Patent Troll to Stop Seeking Fees from Real Estate Industry

Phew, you’re safe again.  While we wait for lawmakers to stop patent trolls from filing frivolous lawsuits against honest businesses, NAR has once again stepped up to the plate to protect and shield the real estate industry from extortion attempts.  NAR announced that they have agreed to a settlement with the National Data Distribution Technologies, LLC—a so-called patent troll that has been demanding patent licensing fees from real estate companies.  The deal will prevent it from suing, or threatening to sue, real estate practitioners, brokerages, MLSs and other companies in the real estate industry that offer email alerts to consumers about new or updated listings.  (In 2011 the Berkshire Board paid thousands of dollars to shield you from patent trolls from a NAR settlement with Civix.)

A few years ago many real estate companies were circulating on the screens of the news channel regarding the patent issue. While researching more about the patent laws and how one could protect themselves in these circumstances I came across the link ( which showcased the various types of patent laws and how one can defend what’s theirs with having to give out a hefty payoff due to extortion.

“The terms of the settlement agreement include a covenant not to sue . . . NAR members, local and state associations, MLSs, affiliates, and certain other NAR-related entities,” the company says in a statement it released jointly with NAR.

The company agreed to the settlement after NAR filed claims with the U.S. Patent and Trademark Office and in Federal District Court challenging the validity of the company’s patent for technology that involves email updates to consumers about new and updated information on websites.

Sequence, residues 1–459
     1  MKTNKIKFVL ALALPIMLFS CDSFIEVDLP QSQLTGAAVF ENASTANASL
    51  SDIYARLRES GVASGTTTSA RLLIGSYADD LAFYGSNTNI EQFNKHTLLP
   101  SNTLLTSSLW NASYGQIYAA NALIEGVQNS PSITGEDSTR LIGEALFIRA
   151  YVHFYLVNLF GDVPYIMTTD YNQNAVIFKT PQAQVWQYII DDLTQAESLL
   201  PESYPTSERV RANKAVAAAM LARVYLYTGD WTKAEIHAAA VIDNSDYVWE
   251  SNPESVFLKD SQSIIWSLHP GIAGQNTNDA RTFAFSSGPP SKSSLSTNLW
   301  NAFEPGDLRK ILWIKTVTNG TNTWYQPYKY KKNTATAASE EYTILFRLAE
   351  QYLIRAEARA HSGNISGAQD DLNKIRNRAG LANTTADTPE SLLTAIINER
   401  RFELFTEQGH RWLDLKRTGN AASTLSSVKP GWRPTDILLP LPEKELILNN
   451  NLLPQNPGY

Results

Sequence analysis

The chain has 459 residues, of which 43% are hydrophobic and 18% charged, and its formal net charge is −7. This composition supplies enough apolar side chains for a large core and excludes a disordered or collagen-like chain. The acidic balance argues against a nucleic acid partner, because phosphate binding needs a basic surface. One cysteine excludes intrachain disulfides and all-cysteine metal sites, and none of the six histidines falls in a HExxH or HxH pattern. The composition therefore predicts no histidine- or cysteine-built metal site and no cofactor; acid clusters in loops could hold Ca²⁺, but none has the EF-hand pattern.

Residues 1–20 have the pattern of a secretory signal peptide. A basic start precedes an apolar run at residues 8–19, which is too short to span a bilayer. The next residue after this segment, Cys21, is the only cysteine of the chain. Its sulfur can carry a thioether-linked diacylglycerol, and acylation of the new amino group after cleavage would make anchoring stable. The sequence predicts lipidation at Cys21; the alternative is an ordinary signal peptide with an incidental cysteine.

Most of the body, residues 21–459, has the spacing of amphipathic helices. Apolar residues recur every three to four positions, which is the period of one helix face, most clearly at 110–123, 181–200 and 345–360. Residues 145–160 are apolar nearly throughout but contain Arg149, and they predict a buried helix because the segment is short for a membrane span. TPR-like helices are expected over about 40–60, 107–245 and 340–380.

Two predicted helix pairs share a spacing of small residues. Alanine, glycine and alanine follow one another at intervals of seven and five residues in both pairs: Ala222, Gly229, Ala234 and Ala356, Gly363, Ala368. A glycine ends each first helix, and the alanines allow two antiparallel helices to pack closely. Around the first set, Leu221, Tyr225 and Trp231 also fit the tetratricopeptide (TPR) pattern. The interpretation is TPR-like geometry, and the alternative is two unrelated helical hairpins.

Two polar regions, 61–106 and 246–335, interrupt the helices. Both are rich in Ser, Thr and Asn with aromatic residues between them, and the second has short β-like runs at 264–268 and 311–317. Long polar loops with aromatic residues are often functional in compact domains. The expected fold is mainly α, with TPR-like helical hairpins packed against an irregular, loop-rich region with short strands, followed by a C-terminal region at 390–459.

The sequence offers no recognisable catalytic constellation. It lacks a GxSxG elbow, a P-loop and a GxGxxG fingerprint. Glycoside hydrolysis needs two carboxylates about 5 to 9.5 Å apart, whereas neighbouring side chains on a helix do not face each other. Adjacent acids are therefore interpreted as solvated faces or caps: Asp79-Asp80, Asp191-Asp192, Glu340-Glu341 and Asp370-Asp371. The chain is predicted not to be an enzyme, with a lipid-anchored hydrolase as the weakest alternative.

Data Distribution Technologies (DDT) is considered a non-practicing entity, or patent troll, because it does not invent or produce anything but instead acquires patent rights for the purposing of enforcing those patent rights on third parties. Patent trolls typically demand payment of a licensing fee from third parties in lieu of facing of facing an expensive, resource-consuming patent-infringement lawsuit.

Access earlier coverage of NAR’s patent challenge here.

NAR filed its challenge after the company sued three real estate firms and sent demand letters to many others demanding payment to use its patented technology. In its challenge, NAR argued the technology is “generic, garden variety” technology that doesn’t warrant patent protection.

“In response to our challenge, DDT agreed not to sue anyone in the real estate industry anymore under this patent,” says Ralph Holmen, NAR Associate General Counsel. “We’ve accepted that and resolved these matters.”

NAR will continue to work with lawmakers in Congress on statutory curbs to patent troll. Find out more on the patent troll issue on